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Chargefox network to quadruple in size to 5,000 plugs by 2025


Chargefox has announced it will quadruple its current charging network to 5,000 plugs before the end of 2025. 

The addition of over 4,000 new plugs will include chargers with a range of speeds and bring the total amount of fast (50kW) and ultra rapid (350kW) DC chargers to 2,000.

Ev chargers plug in
Chargefox has announced a plan to expand its network to 5,000 plugs 2025

Chargers will be built in local areas and to assist long-distance travel, in an effort to make EVs a more usable and realistic proposition for Australian buyers.

The expanded network, which was already Australia’s largest, will build off the backbone of the existing ultra-rapid network that has enabled the vast amount of EVs to travel relatively quickly from Queensland to Adelaide via Sydney and Melbourne. 

The news follows the announcement of several EV-focused policies put forward by state governments in Australia to give buyers more confidence when purchasing an EV.

Chargefox ultra-rapid Map 8 Feb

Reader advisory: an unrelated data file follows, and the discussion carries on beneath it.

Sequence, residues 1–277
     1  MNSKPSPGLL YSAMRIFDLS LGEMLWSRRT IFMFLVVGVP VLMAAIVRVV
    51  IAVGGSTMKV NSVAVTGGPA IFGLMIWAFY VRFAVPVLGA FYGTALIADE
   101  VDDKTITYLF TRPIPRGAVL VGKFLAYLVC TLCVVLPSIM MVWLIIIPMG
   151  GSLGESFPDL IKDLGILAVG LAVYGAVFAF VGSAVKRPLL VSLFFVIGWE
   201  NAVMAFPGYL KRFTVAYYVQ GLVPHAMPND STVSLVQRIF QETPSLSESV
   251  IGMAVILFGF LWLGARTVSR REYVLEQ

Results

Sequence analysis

The expansion will build of the backbone of the ultra-rapid network that makes it possible for most EVs to cross state lines

Most recently, we saw the NSW government announce a $490 million scheme that includes $3,000 subsidies and waiving the of stamp duty for cheaper EVs, in a move that was commended by many car manufacturers.

The plan also includes $131 million to expand the current EV charging network in NSW, with Victoria and South Australia spending $19 million and $13.4 million respectively on their own networks.

Marty Andrews, the CEO of Chargefox, said their goal was to ensure there could be a mass take-up of EVs in Australia.

“Today’s milestone announcement means we’re giving EV drivers across the country confidence that 5,000 charging options will be available,” he said, adding “we’ll also continue our commitment to using 100 per cent renewable energy where possible.”

Chargefox CEO Marty Andrews at a rapid charging station
Chargefox CEO Marty Andrews said their goal was to ensure there could be mass take up of EVs in Australia

It comes after Evan Beaver, the head of charging at Chargefox told Chasing Cars the company was switching from relying exclusively on expensive 350kW ultra-rapid chargers to slower 175kW chargers that cost a third of the price in some cases. 

Mr Beaver pointed out that very few EVs on sale were capable of charging at such speeds and even those drivers would only have to wait just a few minutes longer.

“The marginal loss is that those drivers will probably have to spend three or four extra minutes at that site, as a result of us building three more sites,” he said.